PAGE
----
Preston DuBose: I agree with Ed. I’ll just add that we have to challenge one another to outperform ourselves for every title, because the quality of Savage Worlds material is just amazing and keeps getting better. The creativity coming from Pinnacle and the Savage Worlds licensees is inspiring.
Preston DuBose: Steamworks is a fantasy d20 System supplement. It gives gamers and GMs rules for bringing steampunk-type technology into a fantasy campaign. It is a big book—almost 175 pages—and includes character classes, prestige classes, item creation rules, and devices. Lots and lots of devices. Honestly, as far as I’m concerned the chapter on devices alone is worth price the book’s price. Who wouldn’t want to have a bag full of self-propelled caltrops? Or a mind control helm? Or a rust grenade? Or a clockwork steed? A clockwork steed! That just rocks!
Ed Wetterman: We were contacted by the author, Korey MacVittie, with the idea. I thought it was a great idea that really fills a nitch, so I campaigned hard within the company to accept it. It was big book though. It took a long time for Korey to write, and even longer for us to edit. Unfortunately by the time we finished, 4th edition was announced. I wish we could have released it a year ago.
Preston DuBose: No. Steamworks relies on classes, while Savage Worlds is a classless system. It would require such massive rewrites that we can’t justify the resources.
Ed Wetterman: My son is a high functioning Autistic and we were wanting to give something back to society. We chose to give to Autism Research. One in 150 births are now recognized as Autistic, and this is up from one in 10,000 in the late 1970s. It’s an epidemic and the causes remain unknown. With these kind of numbers everyone should be aware of Autism and I’m certain most people know of at least one autistic person.
Preston DuBose: In early November I decided that it was time we use our powers for good instead of only evil (adventures). I suggested to the guys that we look at starting a charity project that we could run in December. We were already working on ETU at that point, so I knew we could auction off a NPC role in ETU without much difficulty. We tossed around a few ideas for charities, but with Autism research being so personal to us it was an easy decision. From there it snowballed, really. The guys started offering to donate their December royalties, and eventually we decided to dedicate the sales of certain titles to the charity. We even opened it up to other publishers and had Second World Simulations donate some of their sales as well. In all, we raised $245. In the great scheme of things it may not seem like much, but for a last-minute charity by one small RPG publisher I think it turned out pretty fair. I hope that this year with more advance notice we can get even more publishers on board and raise even more.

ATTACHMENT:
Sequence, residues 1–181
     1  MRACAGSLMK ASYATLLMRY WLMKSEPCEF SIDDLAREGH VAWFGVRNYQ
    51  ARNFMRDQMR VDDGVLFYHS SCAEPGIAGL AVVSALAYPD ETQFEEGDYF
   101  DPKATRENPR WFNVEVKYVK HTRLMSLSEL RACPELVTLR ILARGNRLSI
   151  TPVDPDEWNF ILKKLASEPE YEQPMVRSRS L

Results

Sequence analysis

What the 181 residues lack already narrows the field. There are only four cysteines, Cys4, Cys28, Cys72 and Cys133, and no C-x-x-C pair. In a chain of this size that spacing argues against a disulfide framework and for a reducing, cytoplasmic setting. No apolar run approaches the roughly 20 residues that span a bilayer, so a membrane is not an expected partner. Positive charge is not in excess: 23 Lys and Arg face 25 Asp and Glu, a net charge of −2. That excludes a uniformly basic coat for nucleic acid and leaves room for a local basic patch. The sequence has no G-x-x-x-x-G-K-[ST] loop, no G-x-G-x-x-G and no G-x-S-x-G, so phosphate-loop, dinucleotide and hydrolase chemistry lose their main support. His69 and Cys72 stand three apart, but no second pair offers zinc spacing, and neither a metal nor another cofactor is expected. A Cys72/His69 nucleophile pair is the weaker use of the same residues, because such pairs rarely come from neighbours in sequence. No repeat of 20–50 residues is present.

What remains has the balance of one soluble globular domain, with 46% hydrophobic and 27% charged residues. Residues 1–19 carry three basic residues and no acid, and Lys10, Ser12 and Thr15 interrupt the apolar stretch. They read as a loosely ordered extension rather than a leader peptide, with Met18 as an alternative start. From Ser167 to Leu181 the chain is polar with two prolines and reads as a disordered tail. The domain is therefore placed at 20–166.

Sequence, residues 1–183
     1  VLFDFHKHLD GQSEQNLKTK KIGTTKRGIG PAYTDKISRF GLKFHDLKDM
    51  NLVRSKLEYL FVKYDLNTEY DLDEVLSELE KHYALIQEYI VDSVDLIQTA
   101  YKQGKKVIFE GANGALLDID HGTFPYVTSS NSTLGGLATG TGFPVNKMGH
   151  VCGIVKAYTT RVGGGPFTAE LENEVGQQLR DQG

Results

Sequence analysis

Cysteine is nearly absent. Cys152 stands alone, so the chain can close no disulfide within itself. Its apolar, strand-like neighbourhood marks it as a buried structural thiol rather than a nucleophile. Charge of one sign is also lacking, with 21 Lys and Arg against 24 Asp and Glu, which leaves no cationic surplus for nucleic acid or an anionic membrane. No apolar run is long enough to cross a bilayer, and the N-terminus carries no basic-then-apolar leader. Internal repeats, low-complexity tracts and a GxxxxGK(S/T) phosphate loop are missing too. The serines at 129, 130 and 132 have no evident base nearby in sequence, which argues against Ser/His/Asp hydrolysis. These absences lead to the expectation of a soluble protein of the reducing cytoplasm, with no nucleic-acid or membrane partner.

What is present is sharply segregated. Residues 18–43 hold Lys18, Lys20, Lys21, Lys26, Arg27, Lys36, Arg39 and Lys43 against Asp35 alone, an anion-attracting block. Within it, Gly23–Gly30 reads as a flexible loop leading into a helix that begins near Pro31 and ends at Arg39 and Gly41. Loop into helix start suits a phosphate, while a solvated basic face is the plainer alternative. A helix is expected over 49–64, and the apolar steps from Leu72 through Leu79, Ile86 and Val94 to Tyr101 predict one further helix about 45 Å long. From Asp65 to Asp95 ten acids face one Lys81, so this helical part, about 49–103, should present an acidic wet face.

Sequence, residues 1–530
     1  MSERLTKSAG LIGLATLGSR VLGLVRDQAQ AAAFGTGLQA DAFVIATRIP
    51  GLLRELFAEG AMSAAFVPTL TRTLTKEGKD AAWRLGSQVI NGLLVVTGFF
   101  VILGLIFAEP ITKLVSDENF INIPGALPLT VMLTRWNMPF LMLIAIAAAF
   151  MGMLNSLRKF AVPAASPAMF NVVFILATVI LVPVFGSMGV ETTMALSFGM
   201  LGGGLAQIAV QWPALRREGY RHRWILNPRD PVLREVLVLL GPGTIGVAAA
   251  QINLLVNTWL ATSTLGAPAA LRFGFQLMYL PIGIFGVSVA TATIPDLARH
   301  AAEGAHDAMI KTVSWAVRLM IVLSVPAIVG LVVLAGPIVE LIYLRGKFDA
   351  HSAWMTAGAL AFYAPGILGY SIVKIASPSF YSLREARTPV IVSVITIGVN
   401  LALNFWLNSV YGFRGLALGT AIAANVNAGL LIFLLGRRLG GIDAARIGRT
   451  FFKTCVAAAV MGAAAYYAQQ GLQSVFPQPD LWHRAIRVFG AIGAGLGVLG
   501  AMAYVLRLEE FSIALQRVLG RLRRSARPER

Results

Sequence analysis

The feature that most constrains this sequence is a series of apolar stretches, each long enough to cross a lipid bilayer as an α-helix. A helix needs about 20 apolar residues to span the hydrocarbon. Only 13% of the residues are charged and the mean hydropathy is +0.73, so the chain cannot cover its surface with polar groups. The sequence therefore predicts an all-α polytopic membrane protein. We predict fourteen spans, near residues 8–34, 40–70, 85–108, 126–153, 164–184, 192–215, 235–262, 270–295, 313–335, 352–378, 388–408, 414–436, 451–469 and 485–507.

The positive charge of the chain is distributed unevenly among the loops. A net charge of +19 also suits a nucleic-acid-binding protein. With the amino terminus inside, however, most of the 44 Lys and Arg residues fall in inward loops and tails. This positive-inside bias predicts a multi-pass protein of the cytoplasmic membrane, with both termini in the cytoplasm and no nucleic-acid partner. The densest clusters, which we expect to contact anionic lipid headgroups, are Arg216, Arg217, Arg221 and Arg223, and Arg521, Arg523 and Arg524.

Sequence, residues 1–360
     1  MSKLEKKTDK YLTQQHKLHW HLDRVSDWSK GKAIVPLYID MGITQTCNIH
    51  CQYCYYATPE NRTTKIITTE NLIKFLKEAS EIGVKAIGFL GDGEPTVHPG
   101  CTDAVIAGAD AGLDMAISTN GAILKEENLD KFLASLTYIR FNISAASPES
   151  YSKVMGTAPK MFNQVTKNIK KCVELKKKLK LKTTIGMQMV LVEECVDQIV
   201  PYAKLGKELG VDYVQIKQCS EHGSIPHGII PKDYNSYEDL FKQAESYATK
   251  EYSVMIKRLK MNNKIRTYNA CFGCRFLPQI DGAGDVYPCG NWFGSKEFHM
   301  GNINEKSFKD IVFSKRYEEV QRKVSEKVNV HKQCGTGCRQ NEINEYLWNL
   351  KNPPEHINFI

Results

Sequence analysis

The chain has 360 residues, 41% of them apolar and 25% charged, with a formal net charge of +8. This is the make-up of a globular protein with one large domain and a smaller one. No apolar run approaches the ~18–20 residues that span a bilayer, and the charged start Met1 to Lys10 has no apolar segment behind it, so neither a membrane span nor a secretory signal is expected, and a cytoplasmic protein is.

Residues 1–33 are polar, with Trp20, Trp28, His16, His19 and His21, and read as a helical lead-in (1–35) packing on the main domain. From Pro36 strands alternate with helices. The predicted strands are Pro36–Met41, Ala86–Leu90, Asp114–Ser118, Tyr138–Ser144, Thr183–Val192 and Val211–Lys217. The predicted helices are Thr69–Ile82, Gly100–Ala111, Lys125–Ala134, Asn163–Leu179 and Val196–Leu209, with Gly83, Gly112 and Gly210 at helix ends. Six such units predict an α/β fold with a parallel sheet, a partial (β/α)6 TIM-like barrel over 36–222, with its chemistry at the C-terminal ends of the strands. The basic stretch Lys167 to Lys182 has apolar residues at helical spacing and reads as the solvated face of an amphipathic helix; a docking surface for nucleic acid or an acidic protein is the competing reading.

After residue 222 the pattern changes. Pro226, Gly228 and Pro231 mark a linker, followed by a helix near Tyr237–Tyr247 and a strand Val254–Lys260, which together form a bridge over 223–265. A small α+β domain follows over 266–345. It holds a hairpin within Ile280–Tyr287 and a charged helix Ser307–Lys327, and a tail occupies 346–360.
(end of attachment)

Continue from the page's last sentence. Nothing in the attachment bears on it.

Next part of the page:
Preston DuBose: We’ve already mentioned ETU: Degrees of Horror. It’s a self-contained modern horror campaign that takes characters from incoming college freshmen all the way through graduating seniors. The characters start off as little better than mooks, but throughout the challenges and dangers (both mundane and supernatural) presented by college they are forced to grow into the heroes they were destined to become. Well, either that or they’ll die and serve as object lessons for the next incoming freshmen class. We’re pretty close to a complete first draft, so we’ll be playtesting and editing over the rest of the year. We expect ETU to hit game stores in the second half of 2009.
Ed Wetterman: ETU is our number 1 priority, but that’s not all we’ve got in the works. Last year I wrote a serialized adventure in 12 parts, called 12 Hours to Midnight. Like the TV show 24, each installment represents one hour of adventure time. After ETU is turned over to the editors, I’d like to go back and finish that. We also have a ghost-related adventures called The Prodigal that just needs art and layout. I wrote another haunted house adventure, House on Dale Island, two years ago. I pushed it back to focus on 12 Hours to Midnight, which in turn was pushed back because of ETU. I’m gonna get that adventure released somehow, come hell or high water.